More controversially perhaps, the film deals with religion, implying that faith is enitrely speculative. In the film, since nobody has the ability to consider that which is not known to be true, the concept of gods or a life after death never emerged. However, after Ricky Gervais' character gains the ability to lie, he comes up with the idea of what we know in our world as Heaven in order to comfort his dying mother. The doctor and several assistants overhear this and demand to know more about what, to them, is the truth about what happens when you die. When word catches on, Gervais' character is forced to expand on his lie, telling the world that when they die they will each get 'a mansion' in Heaven with whatever they want, and that there is 'an invisible man in the sky' who determines whether they go to Heaven or Hell. In order to satisfy the crowd that has gathered at his house, he announces that entry to Heaven is dependent on a 'three-strike' system. The consequences of these prounouncements on Ricky Gervais' hypothetical world represent Gervais' criticisms of religion.
Thinking they know for certain that an afterlife exists and that they will gain entry provided they don't do three 'bad things', some of the inhabitants of Ricky Gervais' world advocate using up two of the strikes. Why not, if entry to Heaven is dependent only on having less than three transgressions? Moreover, some of the characters become apathetic about the path their lives are taking. Why bother to achieve anything other than sitting around drinking beer, when entry to an afterlife much better than their current life is assured?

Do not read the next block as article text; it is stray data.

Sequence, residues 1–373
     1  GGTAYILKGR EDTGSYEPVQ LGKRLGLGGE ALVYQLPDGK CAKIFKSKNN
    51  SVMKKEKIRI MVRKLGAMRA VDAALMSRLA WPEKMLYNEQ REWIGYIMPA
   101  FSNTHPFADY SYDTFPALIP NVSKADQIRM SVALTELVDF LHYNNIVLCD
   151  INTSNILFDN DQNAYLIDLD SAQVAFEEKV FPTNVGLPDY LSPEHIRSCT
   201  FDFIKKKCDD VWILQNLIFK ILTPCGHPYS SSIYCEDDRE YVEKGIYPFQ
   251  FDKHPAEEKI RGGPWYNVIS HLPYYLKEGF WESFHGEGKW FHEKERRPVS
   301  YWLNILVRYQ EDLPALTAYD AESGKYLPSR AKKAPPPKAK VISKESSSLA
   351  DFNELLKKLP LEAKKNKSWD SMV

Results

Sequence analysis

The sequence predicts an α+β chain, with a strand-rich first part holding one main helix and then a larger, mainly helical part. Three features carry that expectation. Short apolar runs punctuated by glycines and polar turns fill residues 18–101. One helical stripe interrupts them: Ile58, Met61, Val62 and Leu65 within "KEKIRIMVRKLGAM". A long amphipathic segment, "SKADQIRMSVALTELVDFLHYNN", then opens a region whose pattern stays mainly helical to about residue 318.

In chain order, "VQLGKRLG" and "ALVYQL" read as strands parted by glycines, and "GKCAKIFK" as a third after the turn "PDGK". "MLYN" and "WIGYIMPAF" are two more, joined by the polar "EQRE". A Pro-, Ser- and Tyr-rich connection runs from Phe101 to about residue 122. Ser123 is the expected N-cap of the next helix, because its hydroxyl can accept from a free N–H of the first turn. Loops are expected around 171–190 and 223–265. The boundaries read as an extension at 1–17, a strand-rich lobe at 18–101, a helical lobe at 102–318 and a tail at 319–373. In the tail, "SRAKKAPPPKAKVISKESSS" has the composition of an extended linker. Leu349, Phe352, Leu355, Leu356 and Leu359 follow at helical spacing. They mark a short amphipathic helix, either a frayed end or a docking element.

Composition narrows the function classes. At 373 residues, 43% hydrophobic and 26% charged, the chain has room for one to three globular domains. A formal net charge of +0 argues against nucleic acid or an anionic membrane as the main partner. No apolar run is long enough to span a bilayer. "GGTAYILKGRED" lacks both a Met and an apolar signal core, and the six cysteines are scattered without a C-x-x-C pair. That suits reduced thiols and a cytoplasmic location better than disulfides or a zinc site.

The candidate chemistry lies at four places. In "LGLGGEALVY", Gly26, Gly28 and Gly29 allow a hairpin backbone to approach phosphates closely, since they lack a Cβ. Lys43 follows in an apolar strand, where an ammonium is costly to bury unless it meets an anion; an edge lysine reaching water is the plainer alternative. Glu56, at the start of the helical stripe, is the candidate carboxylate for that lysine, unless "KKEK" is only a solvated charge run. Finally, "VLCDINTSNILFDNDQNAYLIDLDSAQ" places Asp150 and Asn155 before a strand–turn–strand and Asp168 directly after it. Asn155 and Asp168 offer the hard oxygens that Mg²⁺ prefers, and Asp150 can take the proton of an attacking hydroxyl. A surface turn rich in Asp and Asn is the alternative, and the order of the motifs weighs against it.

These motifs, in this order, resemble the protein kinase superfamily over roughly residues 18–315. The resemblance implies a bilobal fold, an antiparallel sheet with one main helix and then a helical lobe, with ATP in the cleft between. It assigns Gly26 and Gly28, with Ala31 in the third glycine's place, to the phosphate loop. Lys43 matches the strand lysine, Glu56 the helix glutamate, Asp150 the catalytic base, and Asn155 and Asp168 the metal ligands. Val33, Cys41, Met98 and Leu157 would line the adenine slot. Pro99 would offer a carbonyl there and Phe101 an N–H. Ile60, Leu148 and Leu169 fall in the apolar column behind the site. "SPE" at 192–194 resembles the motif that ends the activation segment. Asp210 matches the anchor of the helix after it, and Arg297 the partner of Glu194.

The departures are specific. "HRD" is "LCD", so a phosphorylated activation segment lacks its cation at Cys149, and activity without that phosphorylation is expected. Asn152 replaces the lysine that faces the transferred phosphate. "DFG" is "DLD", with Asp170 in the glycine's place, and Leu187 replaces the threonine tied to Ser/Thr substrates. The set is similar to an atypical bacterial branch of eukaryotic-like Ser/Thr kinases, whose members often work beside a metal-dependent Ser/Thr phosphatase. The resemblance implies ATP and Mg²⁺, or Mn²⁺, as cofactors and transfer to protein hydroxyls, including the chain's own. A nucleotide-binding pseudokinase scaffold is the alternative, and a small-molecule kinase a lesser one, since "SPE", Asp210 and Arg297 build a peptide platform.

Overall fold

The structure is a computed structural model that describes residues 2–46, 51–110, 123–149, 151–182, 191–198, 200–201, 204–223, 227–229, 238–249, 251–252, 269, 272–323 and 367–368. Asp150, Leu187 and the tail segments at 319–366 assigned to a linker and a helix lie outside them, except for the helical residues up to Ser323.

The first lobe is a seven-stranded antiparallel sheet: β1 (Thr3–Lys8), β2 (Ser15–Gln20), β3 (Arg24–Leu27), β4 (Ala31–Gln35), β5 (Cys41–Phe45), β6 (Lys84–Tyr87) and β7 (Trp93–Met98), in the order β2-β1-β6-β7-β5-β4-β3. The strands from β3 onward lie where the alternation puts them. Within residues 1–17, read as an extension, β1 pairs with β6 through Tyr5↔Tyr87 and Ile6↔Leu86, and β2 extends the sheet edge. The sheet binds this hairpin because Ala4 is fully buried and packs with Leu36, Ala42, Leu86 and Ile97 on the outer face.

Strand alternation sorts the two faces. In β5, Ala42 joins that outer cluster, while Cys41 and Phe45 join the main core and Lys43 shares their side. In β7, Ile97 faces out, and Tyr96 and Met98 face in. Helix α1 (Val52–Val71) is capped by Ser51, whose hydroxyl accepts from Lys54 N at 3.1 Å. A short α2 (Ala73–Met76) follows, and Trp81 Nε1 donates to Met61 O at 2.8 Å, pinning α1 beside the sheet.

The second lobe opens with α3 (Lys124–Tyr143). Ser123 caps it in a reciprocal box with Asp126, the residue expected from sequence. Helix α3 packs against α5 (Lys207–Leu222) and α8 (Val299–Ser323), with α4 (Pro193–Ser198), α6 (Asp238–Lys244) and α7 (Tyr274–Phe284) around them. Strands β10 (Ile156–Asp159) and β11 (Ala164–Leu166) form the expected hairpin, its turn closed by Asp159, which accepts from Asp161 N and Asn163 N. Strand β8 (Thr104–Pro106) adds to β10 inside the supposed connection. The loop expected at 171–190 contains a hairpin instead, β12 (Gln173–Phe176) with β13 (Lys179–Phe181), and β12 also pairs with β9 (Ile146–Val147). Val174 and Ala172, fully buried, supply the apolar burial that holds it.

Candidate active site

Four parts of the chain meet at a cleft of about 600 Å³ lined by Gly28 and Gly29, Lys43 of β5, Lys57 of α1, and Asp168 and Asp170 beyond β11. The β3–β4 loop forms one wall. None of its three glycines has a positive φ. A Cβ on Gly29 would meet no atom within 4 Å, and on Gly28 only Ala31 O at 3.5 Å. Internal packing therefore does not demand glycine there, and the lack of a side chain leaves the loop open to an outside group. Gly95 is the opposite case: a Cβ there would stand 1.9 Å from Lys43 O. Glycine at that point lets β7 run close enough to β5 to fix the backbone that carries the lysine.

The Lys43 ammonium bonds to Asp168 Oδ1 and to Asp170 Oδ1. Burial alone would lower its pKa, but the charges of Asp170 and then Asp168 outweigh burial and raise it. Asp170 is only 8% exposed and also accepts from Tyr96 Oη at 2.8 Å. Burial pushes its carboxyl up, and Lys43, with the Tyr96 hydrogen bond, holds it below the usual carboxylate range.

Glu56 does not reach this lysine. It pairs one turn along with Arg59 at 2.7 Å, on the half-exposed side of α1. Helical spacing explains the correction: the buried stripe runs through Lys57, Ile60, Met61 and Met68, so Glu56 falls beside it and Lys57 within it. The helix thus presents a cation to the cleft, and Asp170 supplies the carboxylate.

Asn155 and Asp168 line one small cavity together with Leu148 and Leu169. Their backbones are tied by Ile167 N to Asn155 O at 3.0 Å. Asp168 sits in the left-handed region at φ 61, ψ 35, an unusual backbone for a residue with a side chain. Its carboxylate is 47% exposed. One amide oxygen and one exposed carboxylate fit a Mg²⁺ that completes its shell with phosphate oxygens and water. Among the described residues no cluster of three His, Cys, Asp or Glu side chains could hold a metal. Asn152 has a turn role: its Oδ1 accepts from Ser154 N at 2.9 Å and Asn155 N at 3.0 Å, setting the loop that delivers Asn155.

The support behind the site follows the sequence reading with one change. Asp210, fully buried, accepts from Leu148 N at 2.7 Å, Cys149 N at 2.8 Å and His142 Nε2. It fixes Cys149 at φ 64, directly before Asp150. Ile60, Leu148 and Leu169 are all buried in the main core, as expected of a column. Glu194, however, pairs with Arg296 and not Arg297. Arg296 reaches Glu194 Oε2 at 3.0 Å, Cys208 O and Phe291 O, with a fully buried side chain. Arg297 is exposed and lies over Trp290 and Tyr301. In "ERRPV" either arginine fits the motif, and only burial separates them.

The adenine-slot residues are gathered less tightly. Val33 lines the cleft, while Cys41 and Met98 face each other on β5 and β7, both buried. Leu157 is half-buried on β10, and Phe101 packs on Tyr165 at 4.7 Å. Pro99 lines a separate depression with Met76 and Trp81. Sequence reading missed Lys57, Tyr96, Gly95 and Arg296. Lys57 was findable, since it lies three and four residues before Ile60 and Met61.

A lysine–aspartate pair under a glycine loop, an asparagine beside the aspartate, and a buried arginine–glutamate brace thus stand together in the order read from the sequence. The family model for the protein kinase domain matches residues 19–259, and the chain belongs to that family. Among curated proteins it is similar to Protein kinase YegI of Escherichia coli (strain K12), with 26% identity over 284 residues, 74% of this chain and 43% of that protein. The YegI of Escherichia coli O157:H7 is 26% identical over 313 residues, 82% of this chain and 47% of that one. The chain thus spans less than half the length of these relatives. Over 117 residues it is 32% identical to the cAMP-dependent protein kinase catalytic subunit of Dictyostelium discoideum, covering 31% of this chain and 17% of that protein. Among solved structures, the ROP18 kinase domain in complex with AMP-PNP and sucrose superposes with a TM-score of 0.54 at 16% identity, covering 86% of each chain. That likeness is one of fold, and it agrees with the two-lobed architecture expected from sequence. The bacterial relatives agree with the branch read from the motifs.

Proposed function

Obviously, you have to fill in the gaps a little to see how these criticisms of the religion that Gervais' character invents represent criticisms of religion in our world. Firstly, I don't think Gervais as filmmaker is trying to expressly accuse religion of being false. Gervais' point is not that religion is a lie but that, like the characters in his hypothetical world, if religion were based on lies or even just harmless speculation, we would have no way of knowing. We weren't around when the events of the Bible occured, so how can we take them to be anything other than speculation? I don't mean to suggest that people shouldn't speculate about things like God or afterlife, but that religion should not be taken to be anything more than speculation. It isn't, in other words, the same kind of truth as the truths we see around us everyday. Even if religion points to something as true as those common sense, observable truths that we encounter around us, unlike those common sense truths, we have no way of knowing whether religion is or isn't true. I think this criticism can be summed up thusly: it's okay to personally believe religion to be true, but don't assume it to be as true for everyone else as it is for you in your dealings with other people.
Of course, a valid criticism of the film's handling of the subject is that it assumes a moral order could have emerged without religion. I for one certainly don't think that that I could state with confidence that a moral order could have emerged in more primitive times without the authority that religion provided. However, realistically speaking, there is only so many lengths Gervais could go to in your standard length Hollywood rom-com in order to justify his position. I think due to the very nature of film making and its limitations, anyone who tries to make a point through film should focus on making that point, not on justifying the assumptions behind it. If it were possible to make films in the same way as a philosophical treatise is written, the filmmaker's message could perhaps be made more clear, but it certainly wouldn't make for good entertainment.